The American Public Power Association (APPA) and a coalition of critical infrastructure industries on Dec. 7 asked the Federal Communications Commission (FCC) to adopt a rulemaking that develops new rules for 6 GHz low-power indoor (LPI) devices.
While seeking a new rule, APPA and the other industry groups also sought an immediate stay of equipment authorization of unlicensed 6 GHz LPI devices. The stay, pending development of rules that are proven to avoid interference from these devices, will prevent harm to currently licensed microwave systems in the 6 GHz band.
The FCC’s Report and Order (R&O) to open the 6 GHz band of spectrum to unlicensed usage went into effect in July 2020.
The R&O allows two types of unlicensed operations -- low powered indoor use and outdoor use protected with an automated frequency coordination (AFC) technology.
A broad coalition of incumbent license holders filed extensive comments raising concerns about interference to operations that could result from opening the band to unlicensed users and requesting further testing and protections from the FCC. Those concerns and comments were not addressed, leading APPA and others in the electric sector to file legal challenges.
In April 2021, investor-owned utility Southern Company and the Electric Power Research Institute (EPRI) acquired 6 GHz devices available on the market to conduct real world testing on impacts to electric utilities.
They operated them near a Southern Company microwave link operating between Fortson and Columbus, Ga., using the FCC thresholds for reportable interference. The tests showed that, even at low powered indoor use, the unlicensed devices would “cause harmful interference to licensed fixed microwave systems” greater than the FCC’s acceptable levels. This report was filed and presented to FCC staff.
Petition For Rulemaking
The petition for rulemaking states that the current rules for LPI use are flawed because they rely on modeling and not real-world data and, as such, must be modified to protect incumbent license holders from harmful interference.
The petition further states that LPI devices should be controlled by an AFC system, the FCC should adopt rules for licensees to recover costs from monitoring and mitigating potential interference created by unlicensed systems, and the FCC should conduct independent testing to determine if new rules should be developed for standard power devices.
“Recent real-world tests have determined that 6 GHz LPI devices will cause harmful interference to licensed microwave systems in the band, due in part to beacon signals that will transmit constantly and thus endanger the functioning of services to public safety and critical infrastructure industries and seriously degrade, obstruct, or repeatedly interrupt their radio communications services,” the groups said.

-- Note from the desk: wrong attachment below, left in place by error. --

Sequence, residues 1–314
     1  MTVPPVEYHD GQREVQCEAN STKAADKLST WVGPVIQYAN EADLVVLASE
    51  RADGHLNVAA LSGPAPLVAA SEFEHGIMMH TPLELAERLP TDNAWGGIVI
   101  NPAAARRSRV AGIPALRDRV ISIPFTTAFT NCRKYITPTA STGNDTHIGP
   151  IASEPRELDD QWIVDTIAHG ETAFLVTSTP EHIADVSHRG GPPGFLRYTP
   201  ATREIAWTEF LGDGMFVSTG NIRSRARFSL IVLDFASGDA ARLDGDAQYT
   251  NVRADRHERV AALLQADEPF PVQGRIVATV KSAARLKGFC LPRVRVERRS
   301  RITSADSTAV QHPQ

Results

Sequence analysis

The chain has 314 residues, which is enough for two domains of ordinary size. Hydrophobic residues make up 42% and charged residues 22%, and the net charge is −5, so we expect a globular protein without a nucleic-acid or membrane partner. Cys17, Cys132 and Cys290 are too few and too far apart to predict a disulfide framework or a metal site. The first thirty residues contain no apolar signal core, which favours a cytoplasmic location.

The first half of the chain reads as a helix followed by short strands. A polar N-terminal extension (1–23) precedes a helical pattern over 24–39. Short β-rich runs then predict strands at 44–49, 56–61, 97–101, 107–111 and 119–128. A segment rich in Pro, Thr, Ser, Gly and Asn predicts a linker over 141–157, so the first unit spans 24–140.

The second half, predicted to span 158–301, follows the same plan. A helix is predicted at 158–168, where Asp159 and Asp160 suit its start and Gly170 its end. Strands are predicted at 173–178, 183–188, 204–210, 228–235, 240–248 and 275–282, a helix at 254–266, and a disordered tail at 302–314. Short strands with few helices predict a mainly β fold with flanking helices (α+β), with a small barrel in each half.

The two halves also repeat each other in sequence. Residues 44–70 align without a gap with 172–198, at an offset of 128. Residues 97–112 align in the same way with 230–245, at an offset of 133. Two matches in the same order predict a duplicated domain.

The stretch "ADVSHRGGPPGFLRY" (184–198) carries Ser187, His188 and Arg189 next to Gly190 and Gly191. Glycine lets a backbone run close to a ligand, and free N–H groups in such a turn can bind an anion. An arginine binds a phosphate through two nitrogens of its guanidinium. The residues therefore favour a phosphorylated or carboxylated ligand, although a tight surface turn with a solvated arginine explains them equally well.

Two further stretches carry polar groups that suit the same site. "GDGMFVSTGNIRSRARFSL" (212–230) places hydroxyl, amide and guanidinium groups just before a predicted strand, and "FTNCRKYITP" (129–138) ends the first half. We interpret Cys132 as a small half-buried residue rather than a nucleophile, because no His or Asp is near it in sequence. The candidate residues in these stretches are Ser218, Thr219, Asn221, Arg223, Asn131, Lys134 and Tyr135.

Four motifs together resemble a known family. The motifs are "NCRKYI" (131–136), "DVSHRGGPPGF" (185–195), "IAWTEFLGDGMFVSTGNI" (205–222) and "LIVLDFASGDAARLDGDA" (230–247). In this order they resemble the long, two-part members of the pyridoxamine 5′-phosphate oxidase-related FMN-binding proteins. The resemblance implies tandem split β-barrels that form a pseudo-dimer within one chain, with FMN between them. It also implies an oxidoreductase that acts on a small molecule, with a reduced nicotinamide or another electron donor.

“These tests also demonstrate that the data and the assumptions for the Commission’s rules for 6 GHz LPI devices are fundamentally flawed.”
The FCC should therefore exercise its rulemaking authority “to revise the rules and conduct open and transparent testing to prove these rules effectively prevent interference to licensed microwave systems. In that regard, the Commission should require 6 GHz LPI devices to be controlled by AFC or use some other interference protection mechanism.”
The groups also said that the FCC should establish a mechanism for cost recovery by incumbents to reimburse them for mitigating and resolving interference from unlicensed 6 GHz operations.
They said that this is consistent with the Commission’s emerging technologies framework and Commission precedent.
“Also, due to the flawed data and assumptions upon which the Commission relied, the Commission should conduct independent tests of standard power access devices to determine if new rules need to be developed that will prevent interference from these devices to licensed microwave systems in the band.”
Request For Stay
The request for stay asks the FCC to put a temporary halt on the equipment authorization of unlicensed 6 GHz LPI devices pending the adoption of rules that are proven to prevent interference to licensed systems.
The stay is necessary to prevent the imminent risk of irreparable harm from the interference that these unlicensed 6 GHz LPI devices are certain to cause to incumbent licensed systems in the band, such as electric utility SCADA and other system monitoring equipment.
A temporary stay will not significantly harm the interests of other stakeholders, “and the public interest favors granting the stay immediately to protect public safety and critical infrastructure industries who provide essential services to the public at large” the petitioners stated.
APPA was joined in the filings by:
- The Utilities Technology Council
- American Gas Association
- Edison Electric Institute
- American Petroleum Institute
- American Water Works Association
- National Rural Electric Cooperative Association
- International Association of Fire Chiefs
- The Association of American Railroads
- APCO International
- Nuclear Energy Institute and
- The National Public Safety Telecommunications Council.